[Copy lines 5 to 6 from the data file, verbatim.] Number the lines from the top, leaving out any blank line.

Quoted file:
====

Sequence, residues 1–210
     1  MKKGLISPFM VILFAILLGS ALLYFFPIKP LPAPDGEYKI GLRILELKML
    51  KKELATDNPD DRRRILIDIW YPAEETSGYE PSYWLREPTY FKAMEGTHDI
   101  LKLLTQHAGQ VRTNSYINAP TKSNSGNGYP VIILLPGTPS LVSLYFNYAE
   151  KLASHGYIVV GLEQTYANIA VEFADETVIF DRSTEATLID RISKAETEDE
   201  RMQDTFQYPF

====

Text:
   151  KLASHGYIVV GLEQTYANIA VEFADETVIF DRSTEATLID RISKAETEDE
   201  RMQDTFQYPF